December 23, 2013 “Intelligence: Late Breaking Lab News”

Saudi Arabia is the second country to embark on the goal of sequencing 100,000 human genomes. Earlier this month, the Saudi Human Genome Program was announced. Funding for the program, expected to take five years, will be provided by the Saudi Arabian national science agency. The first country to declare this goal was the United Kingdom. In December 2012, Prime Minister David Cameron announced that the National Health Service of the United Kingdom had budgeted US$160 million to sequence 100,000 human genomes during the next three to five years.

MORE ON: Genomes

There is an interesting aspect to this genome sequencing program in Saudi Arabia. In 2008, Editor Robert Michel participated in an international symposium on laboratory medicine hosted by the Department of Pathology at the Riyadh Military Hospital, in Riyadh, Saudi Arabia. One presentation was delivered by Dr. Aida I. Al Aqueel. At the hospital, she is Consultant of Pediatrics Genetics, Metabolic and Endocrinology. Dr. Al Aqueel pointed out there is a tribal culture that is heavily consanguineous in the Middle East. Marriage between first cousins has been a cultural norm across the region for millennia. This has led to the “founder effect,” generating a significant number of autosomal recessive diseases that are not seen in Western countries. This is one reason why the Saudi’s human genome project may lead to unique and valuable insights about a variety of recessive genetic diseases.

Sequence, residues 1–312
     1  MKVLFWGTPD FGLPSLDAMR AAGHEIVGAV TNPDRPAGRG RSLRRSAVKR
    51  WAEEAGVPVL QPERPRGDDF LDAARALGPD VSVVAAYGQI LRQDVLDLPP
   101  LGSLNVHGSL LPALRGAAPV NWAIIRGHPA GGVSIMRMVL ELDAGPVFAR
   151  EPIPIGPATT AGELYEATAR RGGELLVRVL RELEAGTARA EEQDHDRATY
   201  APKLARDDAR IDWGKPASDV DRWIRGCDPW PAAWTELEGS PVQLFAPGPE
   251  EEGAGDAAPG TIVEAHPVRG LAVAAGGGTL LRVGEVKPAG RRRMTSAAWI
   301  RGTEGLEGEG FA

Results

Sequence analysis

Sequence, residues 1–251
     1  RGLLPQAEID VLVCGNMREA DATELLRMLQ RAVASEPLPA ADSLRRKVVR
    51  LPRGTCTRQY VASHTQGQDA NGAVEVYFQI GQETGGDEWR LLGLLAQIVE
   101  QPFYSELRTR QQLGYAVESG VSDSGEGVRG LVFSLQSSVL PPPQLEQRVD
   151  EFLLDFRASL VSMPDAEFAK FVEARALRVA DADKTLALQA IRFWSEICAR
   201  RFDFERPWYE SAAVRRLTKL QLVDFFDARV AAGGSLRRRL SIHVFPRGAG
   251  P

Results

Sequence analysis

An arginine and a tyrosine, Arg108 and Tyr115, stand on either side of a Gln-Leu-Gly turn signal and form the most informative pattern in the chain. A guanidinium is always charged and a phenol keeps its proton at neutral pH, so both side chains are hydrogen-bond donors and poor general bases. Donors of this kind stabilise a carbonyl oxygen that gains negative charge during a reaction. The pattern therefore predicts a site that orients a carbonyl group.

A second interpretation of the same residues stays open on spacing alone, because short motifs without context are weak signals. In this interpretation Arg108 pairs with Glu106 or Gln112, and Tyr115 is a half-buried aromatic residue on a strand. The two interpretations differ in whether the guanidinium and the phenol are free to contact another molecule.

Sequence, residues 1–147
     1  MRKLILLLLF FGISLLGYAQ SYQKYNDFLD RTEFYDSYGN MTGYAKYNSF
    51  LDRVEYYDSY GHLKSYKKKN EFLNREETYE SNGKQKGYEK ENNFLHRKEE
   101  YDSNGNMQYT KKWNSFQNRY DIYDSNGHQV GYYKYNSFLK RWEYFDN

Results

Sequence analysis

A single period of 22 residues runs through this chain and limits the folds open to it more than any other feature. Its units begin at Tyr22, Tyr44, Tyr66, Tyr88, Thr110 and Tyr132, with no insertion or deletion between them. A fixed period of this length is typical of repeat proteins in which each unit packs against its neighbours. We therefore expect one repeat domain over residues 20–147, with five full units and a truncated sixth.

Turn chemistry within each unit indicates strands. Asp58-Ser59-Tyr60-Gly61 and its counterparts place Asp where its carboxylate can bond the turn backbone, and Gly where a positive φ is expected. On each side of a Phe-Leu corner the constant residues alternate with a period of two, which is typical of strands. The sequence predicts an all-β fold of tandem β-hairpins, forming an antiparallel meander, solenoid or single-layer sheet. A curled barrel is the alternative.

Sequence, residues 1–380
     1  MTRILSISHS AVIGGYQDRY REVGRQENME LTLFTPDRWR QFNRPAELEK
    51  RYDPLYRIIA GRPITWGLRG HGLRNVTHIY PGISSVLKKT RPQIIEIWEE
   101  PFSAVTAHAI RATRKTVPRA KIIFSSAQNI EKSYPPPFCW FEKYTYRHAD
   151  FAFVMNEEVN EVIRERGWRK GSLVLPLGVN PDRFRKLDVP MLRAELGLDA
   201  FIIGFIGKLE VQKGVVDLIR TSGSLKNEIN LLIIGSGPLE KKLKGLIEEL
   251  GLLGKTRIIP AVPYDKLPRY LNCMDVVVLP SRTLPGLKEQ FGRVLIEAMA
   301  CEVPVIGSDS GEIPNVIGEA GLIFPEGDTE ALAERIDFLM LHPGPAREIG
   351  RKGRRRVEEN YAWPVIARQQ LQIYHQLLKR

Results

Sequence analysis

Another development on the international market is the announcement of a collaboration between Strand Life Sciences of Bangalore, India, and 443-bed El Camino Hospital in Mountain View, California. The partners will establish a Strand Center for Genomics and Personalized Medicine at the hospital. Utilizing exome sequencing, the collaboration will support physicians with services in cardiology, oncology, pharmacogenomics, and personalized medicine. Although based in India, Strand has another U.S. connection. It received venture funding from Burrill & Company of San Francisco early in 2013.


  • TriCore Reference Laboratories of Albuquerque, New Mexico, named Khosrow R. Shotorbani, MBA, MT(ASCP) as its new CEO, effective February 2, 2014. Shotorbani has held executive positions at ARUP Laboratories.

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